If Truckers Stop, We All Stop

What drivers need to know to keep rolling.

The country has come to a grinding halt when it comes to social interaction. Citizens have been sheltering in place to avoid crowds in churches, schools, stores, etc. Employers have sent much of their workforce to their homes to conduct business. Self-isolation has become the nation’s hot topic.

Moving freight is still in high demand, though, due to the short supply in grocery stores plus an increase in E-commerce activity. We are a nation dependent on truck drivers. What is a trucker to do when they aren’t able to self-quarantine?

For them, the answer is simple: Keep rolling.

In the beginning of their career, some truck drivers are enticed by the idea of getting paid to tour the country. They love the idea of watching the sun setting over an open highway every night. Or carefully navigating the winding roads of a beautiful mountain. Or breathing in the fresh coastal air after driving all night. While they get to experience all manner of landscapes and cultures, being an over the road truck driver comes with many challenges.

The general public looks forward to the end of the workday. You can go home, relax, cook dinner, play with your kids. All these activities can help you distance yourself from the stresses of work. Let’s say one day, while relaxing at home, you get a fantastic job offer. More money, solid company, better benefits. What is there to think about?

For an over the road truck driver, the decision cannot be made lightly. Most importantly, he could be thousands of miles away from his home. It could take more than a week to reach the home terminal. So, until he gets routed back to the terminal, he is stranded with indecision.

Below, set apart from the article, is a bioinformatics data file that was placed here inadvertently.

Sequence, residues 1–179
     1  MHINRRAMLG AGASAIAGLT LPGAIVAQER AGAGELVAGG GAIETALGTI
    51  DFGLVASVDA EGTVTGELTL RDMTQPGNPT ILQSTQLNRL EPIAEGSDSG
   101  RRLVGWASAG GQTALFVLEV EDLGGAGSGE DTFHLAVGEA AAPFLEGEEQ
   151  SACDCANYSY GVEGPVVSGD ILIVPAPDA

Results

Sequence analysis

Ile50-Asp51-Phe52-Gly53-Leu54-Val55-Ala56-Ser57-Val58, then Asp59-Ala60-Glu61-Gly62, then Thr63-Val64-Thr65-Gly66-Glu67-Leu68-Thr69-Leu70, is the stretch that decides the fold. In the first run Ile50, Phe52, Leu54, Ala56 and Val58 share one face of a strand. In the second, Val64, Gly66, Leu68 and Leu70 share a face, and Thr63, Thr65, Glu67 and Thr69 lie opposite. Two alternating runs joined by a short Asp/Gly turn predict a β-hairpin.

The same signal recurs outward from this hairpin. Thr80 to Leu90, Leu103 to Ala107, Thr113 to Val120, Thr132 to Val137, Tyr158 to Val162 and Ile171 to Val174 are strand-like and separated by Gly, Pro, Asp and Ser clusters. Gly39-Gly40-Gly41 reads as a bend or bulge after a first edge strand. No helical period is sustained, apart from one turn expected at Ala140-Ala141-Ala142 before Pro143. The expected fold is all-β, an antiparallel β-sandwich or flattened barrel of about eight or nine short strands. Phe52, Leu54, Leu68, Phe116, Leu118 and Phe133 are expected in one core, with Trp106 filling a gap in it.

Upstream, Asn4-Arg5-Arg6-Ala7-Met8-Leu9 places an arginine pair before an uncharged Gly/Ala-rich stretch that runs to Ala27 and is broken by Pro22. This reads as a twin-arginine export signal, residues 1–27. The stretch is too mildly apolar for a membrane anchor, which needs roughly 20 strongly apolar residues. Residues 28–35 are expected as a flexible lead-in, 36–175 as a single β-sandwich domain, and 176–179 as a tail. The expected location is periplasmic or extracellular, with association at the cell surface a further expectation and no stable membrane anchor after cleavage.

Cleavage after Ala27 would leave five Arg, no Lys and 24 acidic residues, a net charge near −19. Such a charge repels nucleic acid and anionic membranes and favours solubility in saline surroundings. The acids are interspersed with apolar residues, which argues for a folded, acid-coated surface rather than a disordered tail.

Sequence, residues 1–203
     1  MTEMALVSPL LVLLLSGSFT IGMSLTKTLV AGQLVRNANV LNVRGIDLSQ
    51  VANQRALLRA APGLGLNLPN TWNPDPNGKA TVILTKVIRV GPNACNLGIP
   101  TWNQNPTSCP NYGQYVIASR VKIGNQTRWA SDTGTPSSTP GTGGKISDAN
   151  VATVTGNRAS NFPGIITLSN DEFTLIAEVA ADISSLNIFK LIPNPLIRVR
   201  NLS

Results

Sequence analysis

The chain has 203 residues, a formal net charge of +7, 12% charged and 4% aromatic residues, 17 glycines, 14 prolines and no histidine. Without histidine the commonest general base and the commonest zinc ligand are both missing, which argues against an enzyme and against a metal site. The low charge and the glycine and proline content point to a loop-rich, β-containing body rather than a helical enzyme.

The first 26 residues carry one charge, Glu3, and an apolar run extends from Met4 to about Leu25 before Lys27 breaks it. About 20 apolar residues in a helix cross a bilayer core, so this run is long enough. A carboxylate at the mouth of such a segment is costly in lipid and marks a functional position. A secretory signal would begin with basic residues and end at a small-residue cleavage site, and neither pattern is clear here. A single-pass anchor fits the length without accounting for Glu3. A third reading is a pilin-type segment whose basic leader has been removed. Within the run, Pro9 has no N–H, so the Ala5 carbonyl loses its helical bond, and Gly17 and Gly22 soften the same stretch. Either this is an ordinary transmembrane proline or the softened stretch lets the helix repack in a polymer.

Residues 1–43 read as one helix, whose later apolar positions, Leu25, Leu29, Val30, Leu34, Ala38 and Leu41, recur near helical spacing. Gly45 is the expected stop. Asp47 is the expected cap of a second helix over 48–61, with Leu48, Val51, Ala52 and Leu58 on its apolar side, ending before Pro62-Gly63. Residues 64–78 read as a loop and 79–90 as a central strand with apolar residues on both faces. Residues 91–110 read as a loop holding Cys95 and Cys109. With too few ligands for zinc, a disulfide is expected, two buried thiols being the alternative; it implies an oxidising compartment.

The same is true if a trucker gets sick over the road.

He could be thousands of miles away from his primary care doctor. Thousands of miles away from his family. For most truck drivers, this happens all too often. Their only hope is to ask their dispatcher for a break and crawl into the sleeper until it passes.

And during that time, most will not earn sick pay. A professional driver’s paycheck usually comes from mileage driven. So, if the wheels aren’t turning, they aren’t earning. If a driver becomes infected with Coronavirus, he could have to make a tough decision between his health and his paycheck.

Exposure risks

Truck drivers are in contact with all manner of the public on their way from the shipper to the receiver. Every facility they utilize is publicly accessed. In and out of truck stops, fast food restaurants, and rest areas, there are many opportunities for a truck driver to become infected.

The roads they choose to travel can increase their risk factor as well. A driver routed through a major metropolitan area could be at a higher risk depending on the number of occurrences in each city he travels through. Some drivers may travel through several major cities in a single day. Drivers must remain diligent in their hygiene habits to stay healthy. America stops if truckers can’t go.

A Trucker’s Responsibility? Transmission.

Because there is a high exposure risk for drivers, there is also a high transmission risk. Just as drivers could contract the virus from all the places listed before, a driver could also spread the virus to those places.

Be proactive. Wash your hands, clean your cab, and know the symptoms in case you need medical attention. Keep in mind that even though there are many exposure risks for drivers, you can take these preventative measures to keep yourself healthy.

Everything is confusing right now. You might find it difficult to quarantine in your cabin or find a place to park while others do the same. Truck stops are essential for truck drivers, not only for food and supplies, but also for showers, sleep, truck repairs, etc.

The best plan is a pre-plan. Check out these links to find updates from big truck stops. Always know where you’re going before you start rolling.

 

Some truck stops are closing their driver lounges for the time being. Keep in mind, this is for the safety of the drivers and the public.

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